When Michael Phelps first burst onto the scene, he seemed like the perfect All-American role model. That squeaky clean image was shattered when he got his first DUI in 2004. Some tried to dismiss it as a one-time lapse in judgment until his second DUI came 10 years later. Finally, fans had to admit that he might have a drinking problem.
It was sad, to me, to see people immediately judging and dismissing him after he showed such public signs of personal turmoil. The man who had made such an impact in four Olympic games seemed to be at the end of his career both due to his alcohol abuse and his age. It surprised many when he confirmed that he would be defending his titles at the world’s biggest sporting event and many wondered if he would be left embarrassed. I, personally, could not wait to see him triumph.
While he was focusing on repairing his personal life, Phelps admitted that he “didn’t want to see another day” as he faced his demons. In a recent interview, he admitted that he was in denial until he realized how his drinking was affecting those around him. He needed help and it was a long battle.
Clean and Sober
He entered rehab, attending AA meetings, and began working on himself while dedicating his energy to the things that truly matter. He committed to his relationship with his long-time girlfriend (now fiancée), Nicole Johnson, and, together, the pair welcomed a baby boy named Boomer earlier this year.
He explained: “I think my mom was happy that I was alive because I think she saw the path I was going down. I think a lot of people close to me saw it. And I was going fast. Fast. Honestly, at one point I felt like I didn’t want to see another day.”
When he set his sights on the current Olympics, he said: “Before I even went to court, I said to myself that I’m not going to drink until after Rio – if I ever drink again. That was a decision I made for myself. I’m being honest with myself. Going into 2008 and 2012, I didn’t do that. I didn’t say I was going to take a year off from drinking and not have a drink.”
Ultimately, he seemed to come to the realization that, if he was going to get back in that pool and compete, especially at his age, he was going to have to make significant changes and “do this the right way.”
Back in the Pool
He elaborated on his thought process going into training by saying: “I’ve got to put my body in the best physical shape I can possibly get it in. Is it a challenge? No. I go to bed earlier. I sleep more. I wake up every day and have a completely clear head. I don’t feel like my head went through a brick wall. There are so many positives to it. Are there days I’m sitting on the golf course or sitting on my roof (patio) and would like to have a beer? Yeah. But I have a year left in my career. If I really want it bad enough, I will make that sacrifice.”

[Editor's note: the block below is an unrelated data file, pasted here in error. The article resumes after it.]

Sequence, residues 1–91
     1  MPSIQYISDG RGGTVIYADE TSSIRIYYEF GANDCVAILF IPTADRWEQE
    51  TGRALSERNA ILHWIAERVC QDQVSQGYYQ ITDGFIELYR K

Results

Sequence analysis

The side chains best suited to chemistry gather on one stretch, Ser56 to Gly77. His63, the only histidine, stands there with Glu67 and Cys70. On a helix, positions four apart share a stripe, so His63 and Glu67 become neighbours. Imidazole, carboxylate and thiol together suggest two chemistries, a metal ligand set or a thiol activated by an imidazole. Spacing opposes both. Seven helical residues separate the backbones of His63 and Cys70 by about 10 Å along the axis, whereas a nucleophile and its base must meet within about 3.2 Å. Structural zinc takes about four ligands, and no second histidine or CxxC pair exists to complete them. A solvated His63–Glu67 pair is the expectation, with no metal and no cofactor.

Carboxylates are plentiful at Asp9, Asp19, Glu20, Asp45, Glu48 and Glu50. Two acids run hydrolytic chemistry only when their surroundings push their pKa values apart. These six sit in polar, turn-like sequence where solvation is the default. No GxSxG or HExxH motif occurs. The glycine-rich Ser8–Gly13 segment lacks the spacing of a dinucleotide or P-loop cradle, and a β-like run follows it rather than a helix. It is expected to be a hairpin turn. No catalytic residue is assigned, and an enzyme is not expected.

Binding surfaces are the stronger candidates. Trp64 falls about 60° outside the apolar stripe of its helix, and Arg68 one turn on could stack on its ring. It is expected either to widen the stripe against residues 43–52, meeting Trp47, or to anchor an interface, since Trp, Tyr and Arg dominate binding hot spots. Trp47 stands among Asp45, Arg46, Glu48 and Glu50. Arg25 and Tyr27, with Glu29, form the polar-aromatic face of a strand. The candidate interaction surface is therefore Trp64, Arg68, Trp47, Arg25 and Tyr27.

His family issues have been talked about throughout his career. His mother, Debbie, had to raise him alone and now Phelps says that therapy has helped him work through some of the pain from his childhood. Apparently, he feels that it has even changed how people see him.
“I feel like people think I’m more approachable now than I ever was,” he said. “I feel like I am OK and I am happy with who I am. I feel like I’ve learned so much about myself, who I truly am. I can honestly say there aren’t many people in this world who have seen who I really am.’
Maybe his new role as a father has helped him have a greater sense of purpose. Perhaps, he wants to be the kind of father that he didn’t have. His fiancée has seemingly played a huge role in his recovery and even accompanied him when he flew to Arizona to enter rehab.
At the end of the day, however, it seems that Phelps’ motivation stems from the best place possible. “I am doing this for me,” he said. “I’m back to being the little kid who once said anything is possible.”
Indeed, the difference in his attitude, demeanor, and determination was immediately clear when he walked out of the locker room in Rio. He competed in six events, winning one silver medal and five gold. After every event, with emotion etched on his face, he looked into the stands where his mother, fiancée and newborn son sat cheering him on.
His stumbles and struggles make him human. They also make him a hero. He is living proof that we can hit rock bottom and rise to the very top again.
Thank you and congratulations, Mr. Phelps.